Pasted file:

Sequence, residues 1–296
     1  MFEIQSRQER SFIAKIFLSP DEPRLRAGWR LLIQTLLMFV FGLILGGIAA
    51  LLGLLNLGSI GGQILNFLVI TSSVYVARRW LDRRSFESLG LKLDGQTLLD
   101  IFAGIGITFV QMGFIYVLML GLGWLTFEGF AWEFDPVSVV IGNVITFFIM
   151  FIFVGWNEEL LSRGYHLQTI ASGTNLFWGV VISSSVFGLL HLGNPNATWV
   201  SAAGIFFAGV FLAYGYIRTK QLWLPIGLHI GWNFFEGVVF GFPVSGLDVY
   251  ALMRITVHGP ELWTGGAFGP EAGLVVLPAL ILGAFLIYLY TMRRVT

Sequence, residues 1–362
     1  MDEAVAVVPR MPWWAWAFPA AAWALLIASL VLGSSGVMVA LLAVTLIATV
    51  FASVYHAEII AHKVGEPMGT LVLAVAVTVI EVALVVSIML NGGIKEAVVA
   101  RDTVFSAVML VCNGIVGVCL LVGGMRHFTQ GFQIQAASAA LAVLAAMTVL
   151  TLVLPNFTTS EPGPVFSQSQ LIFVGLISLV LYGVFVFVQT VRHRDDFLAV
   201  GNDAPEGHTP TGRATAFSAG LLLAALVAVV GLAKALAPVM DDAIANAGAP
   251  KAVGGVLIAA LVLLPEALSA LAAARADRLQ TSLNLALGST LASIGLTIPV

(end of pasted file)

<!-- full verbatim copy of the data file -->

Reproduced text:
Sequence, residues 1–296
     1  MFEIQSRQER SFIAKIFLSP DEPRLRAGWR LLIQTLLMFV FGLILGGIAA
    51  LLGLLNLGSI GGQILNFLVI TSSVYVARRW LDRRSFESLG LKLDGQTLLD
   101  IFAGIGITFV QMGFIYVLML GLGWLTFEGF AWEFDPVSVV IGNVITFFIM
   151  FIFVGWNEEL LSRGYHLQTI ASGTNLFWGV VISSSVFGLL HLGNPNATWV
   201  SAAGIFFAGV FLAYGYIRTK QLWLPIGLHI GWNFFEGVVF GFPVSGLDVY
   251  ALMRITVHGP ELWTGGAFGP EAGLVVLPAL ILGAFLIYLY TMRRVT

Sequence, residues 1–362
     1  MDEAVAVVPR MPWWAWAFPA AAWALLIASL VLGSSGVMVA LLAVTLIATV
    51  FASVYHAEII AHKVGEPMGT LVLAVAVTVI EVALVVSIML NGGIKEAVVA
   101  RDTVFSAVML VCNGIVGVCL LVGGMRHFTQ GFQIQAASAA LAVLAAMTVL
   151  TLVLPNFTTS EPGPVFSQSQ LIFVGLISLV LYGVFVFVQT VRHRDDFLAV
   201  GNDAPEGHTP TGRATAFSAG LLLAALVAVV GLAKALAPVM DDAIANAGAP
   251  KAVGGVLIAA LVLLPEALSA LAAARADRLQ TSLNLALGST LASIGLTIPV